I made a somewhat loud comment about water and menus and 30 seconds later a non-blushing server came with the menus. This was followed fairly quickly by water. I’m glad they have ears. They also heard most of our evening’s conversation (mostly about food), but there were times I wished the room was a little louder and we could have had a more private conversation. Unfrotunately, unlike the decor, this was a less successful equilibrium for the restaurant to find.
I’d also mentioned when I called for the reservation that I was gluten-intolerant and lactose intolerant but if anywhere in the city could accommodate this, it should be here. My confidence waned, however, when 2 arancini fried risotto balls came as an amuse-bouche. There was enough Parmesan in there to fell a lactose-intolerant horse. My brother got both arancini. He didn’t mind.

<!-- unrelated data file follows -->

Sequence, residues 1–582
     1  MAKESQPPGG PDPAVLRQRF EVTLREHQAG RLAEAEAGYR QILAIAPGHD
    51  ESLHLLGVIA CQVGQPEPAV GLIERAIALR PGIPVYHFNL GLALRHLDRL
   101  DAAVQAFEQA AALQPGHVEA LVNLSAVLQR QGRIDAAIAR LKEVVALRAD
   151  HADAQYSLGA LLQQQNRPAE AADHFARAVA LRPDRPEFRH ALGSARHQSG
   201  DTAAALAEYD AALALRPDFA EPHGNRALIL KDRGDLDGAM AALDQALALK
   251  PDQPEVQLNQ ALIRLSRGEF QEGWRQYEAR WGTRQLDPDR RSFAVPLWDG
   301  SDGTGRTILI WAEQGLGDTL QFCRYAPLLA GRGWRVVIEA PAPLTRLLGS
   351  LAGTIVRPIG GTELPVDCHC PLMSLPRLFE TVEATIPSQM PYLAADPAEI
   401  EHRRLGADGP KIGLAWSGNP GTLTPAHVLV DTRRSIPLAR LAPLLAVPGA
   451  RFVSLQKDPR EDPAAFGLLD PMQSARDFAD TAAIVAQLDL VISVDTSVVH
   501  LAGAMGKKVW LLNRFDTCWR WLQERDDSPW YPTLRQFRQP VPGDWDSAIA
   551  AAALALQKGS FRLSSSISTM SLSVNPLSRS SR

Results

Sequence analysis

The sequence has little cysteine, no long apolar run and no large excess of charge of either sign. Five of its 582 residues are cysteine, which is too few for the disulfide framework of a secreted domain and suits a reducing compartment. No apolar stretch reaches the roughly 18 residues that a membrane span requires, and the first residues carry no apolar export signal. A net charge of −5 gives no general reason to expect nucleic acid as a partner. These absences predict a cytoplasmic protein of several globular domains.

Then the bread came. And I got rice bread – toasted! They were catching on! They laid it in front of me and said “this is yours” and I, thinking it was regular bread and they’d already forgotten the arancini incident, said “No it’s not…” and they said, “Yes it is,” and I said, “I’m gluten intolerant” (for the 3rd time…). And they said, “It’s rice bread.” But then I said “Olive oil?” and they said “there is maybe olive oil in it,” and they looked worried and I said “No, could I have some olive oil please?” My brother got a nice wedge of butter with a chive on top so they obviously think bread needs something spreadable or dip-able, unlss you’re gluten-intolerant. If you’re going to make the effort with the bread you should probably remember that it’d be nice to remember that not many people like dry toast. The phrase, “Beggars can’t be choosers,” should never apply in a fine dining restaurant when a meal costs over $100 a person, gluten-intolerant or not. Especially not.